What are the Basics of Python 3

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Last updated on
17th Mar, 2021
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19th Feb, 2021
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What are the Basics of Python 3

What is Python 3?

Python 3 is an interpreted language; which means that anyone can read and execute the code. Python is used to create websites, perform scientific research, data analysis etc. Python 3.9 is the latest version of Python.  

Why Learn Python 3?

Python is one of the fastest growing and in-demand programming languages. It has a very easy learning curve, due in large part to its simple, user-friendly syntax. Stackoverflow’s annual survey placed Python as the number one programming language of 2020.

Python comes with a rich support of libraries with crisp documentation. This, along with the fact that it is open source, has made it popular among many organizations who have used it to create their programs. Python has a very dedicated community who work to keep it updated all the time. Python is a must-learn for those seeking jobs in the software industry.  There are many applications of Python and the most popular ones are in the realms of website deployment and data science, which includes machine learning, data analysis and visualization and scripting.

Changes in Python 3

  • Print  statement  has been changed to print func and syntax in Python requires brackets around the string that you want to print. You can also use multiple arguments to concatenate the objects together.   
  • Second main change is that all strings are unicode strings and you do not have to specify unicode strings with lower case "u" before the strings. 
  • raw_input() has been changed to input function input() 
  • Also some data structures objects will no longer return lists. Rather they will return views in python3 like dict.items() and dict.values() now returns views instead of lists.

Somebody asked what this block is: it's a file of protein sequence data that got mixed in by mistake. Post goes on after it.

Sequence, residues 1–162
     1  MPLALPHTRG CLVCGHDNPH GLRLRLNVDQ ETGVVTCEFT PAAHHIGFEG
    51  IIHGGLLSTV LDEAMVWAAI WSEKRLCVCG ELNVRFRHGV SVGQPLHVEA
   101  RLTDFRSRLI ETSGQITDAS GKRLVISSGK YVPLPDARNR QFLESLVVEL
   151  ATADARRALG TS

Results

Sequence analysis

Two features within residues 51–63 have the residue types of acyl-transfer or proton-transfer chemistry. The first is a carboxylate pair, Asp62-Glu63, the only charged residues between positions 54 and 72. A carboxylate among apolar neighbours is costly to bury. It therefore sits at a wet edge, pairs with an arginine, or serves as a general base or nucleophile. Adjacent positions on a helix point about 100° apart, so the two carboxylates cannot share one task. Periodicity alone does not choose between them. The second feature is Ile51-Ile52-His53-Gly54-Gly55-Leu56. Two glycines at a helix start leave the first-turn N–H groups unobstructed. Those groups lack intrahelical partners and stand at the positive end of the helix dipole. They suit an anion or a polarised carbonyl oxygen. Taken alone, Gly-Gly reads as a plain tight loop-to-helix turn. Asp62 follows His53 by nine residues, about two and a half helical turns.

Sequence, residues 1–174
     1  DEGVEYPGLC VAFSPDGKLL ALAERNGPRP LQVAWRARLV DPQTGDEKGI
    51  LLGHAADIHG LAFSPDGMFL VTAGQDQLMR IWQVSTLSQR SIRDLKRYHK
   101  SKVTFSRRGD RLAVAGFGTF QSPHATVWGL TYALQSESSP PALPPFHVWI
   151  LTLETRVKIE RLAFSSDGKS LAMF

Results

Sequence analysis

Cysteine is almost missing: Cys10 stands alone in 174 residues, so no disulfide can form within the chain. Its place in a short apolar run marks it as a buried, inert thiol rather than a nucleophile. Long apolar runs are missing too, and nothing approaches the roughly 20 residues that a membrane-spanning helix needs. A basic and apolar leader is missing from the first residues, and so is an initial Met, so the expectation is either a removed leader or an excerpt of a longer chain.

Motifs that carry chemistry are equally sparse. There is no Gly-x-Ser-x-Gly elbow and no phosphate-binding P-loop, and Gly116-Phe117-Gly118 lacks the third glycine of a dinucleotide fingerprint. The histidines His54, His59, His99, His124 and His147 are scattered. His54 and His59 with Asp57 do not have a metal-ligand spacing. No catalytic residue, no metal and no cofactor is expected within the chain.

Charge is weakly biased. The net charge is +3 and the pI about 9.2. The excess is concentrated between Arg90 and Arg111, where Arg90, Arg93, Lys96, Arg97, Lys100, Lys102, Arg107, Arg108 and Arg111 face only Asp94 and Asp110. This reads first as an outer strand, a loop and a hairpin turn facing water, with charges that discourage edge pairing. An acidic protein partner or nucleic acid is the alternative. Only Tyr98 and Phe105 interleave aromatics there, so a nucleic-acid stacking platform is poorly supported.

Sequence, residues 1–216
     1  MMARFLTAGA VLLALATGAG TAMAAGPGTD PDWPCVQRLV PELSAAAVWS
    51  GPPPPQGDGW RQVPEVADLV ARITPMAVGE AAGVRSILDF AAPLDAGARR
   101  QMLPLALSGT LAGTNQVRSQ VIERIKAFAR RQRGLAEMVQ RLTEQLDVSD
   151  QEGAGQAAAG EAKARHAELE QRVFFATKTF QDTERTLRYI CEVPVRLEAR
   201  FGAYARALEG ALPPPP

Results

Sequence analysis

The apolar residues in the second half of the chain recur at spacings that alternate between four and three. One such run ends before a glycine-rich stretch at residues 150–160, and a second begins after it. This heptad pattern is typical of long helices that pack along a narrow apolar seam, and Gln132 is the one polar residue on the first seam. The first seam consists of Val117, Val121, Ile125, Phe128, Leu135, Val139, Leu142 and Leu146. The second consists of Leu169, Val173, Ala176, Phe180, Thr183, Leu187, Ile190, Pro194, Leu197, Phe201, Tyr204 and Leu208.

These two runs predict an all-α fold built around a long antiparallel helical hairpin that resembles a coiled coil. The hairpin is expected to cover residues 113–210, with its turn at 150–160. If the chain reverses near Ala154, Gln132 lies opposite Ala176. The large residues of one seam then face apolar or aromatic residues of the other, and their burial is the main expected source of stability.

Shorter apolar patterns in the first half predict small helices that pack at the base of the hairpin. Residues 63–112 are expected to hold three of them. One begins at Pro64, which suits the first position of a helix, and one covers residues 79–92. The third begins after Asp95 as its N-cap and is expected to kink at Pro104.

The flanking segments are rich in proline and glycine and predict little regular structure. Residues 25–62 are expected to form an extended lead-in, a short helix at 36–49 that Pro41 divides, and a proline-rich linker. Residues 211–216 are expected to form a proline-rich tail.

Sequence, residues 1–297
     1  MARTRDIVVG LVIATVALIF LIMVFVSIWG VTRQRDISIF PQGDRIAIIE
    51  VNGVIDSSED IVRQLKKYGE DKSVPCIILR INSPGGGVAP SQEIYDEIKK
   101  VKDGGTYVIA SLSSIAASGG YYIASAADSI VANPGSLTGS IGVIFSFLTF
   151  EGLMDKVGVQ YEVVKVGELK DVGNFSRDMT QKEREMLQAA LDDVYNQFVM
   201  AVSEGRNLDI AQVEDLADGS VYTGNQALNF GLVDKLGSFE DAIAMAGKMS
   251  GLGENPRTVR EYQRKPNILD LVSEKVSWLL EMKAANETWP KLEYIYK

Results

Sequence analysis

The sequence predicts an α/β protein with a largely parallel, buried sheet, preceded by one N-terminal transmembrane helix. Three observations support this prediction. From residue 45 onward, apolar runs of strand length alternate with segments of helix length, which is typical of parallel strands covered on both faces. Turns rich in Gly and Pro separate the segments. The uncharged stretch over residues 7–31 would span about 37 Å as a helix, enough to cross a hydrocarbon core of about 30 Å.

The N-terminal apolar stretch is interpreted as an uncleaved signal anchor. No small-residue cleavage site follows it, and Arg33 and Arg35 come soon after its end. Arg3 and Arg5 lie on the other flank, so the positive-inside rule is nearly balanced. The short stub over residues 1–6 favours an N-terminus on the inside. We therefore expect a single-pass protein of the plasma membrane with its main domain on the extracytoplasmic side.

• A lot of new library modules have been added in python3 and many improvements have been made to  existing modules. 
  • Some improvements have been done in exception handling as well. 

Variables and Data Structures

Variables :

Variables allow us to store data. We can store diff values like integers ,floats, booleans, string ,lists or dictionaries. Python reserves space on your machine for a value when a var is declared. So variable can be declared as below;

varName = value

Example

  • x = 1 that means we have assigned number 1 which is an integer  to variable x  
  • y = 3.14 floating point
  • mystring = “Hello World” means assigning this sentence which is a string in mystring  variable 

Data Structures:

Data structures are a way to store more data than variables within the same variable, for example let’s say we have a variable list_demo below

list_demo = [1, 2, 3, 4]  

This is  a data structure of type list. It may also be known as an array in other programming languages but in Python it's called list, so in this case, we have multiple numbers stored within the same variable which is what the list is. We can store floating point or strings or mix of numbers and strings within the same variable. 

The syntax for accessing each element of the list  is variable_name[index]. Index within the square brackets in list starts from number zero ,for example in above example, 1 is at index 0,2 is at index 1 etc.

print(list_demo[0])  will yield 1.

Lists are a more convenient way to store multiple numbers or string within the single variable. The second important data structure is dictionaries which store data in the form of  key value pairs, for example:

dict_demo = {‘fname’ : ’fname1’,’lname’ : ‘lname1’}

The above dictionary can  be interpreted as the  first name is name1 and we can separate different key value pairs by a comma, as shown above. The way we access the dictionary is variable_name[index]  and the way indexing works in dictionary is by key pairs or rather keys like below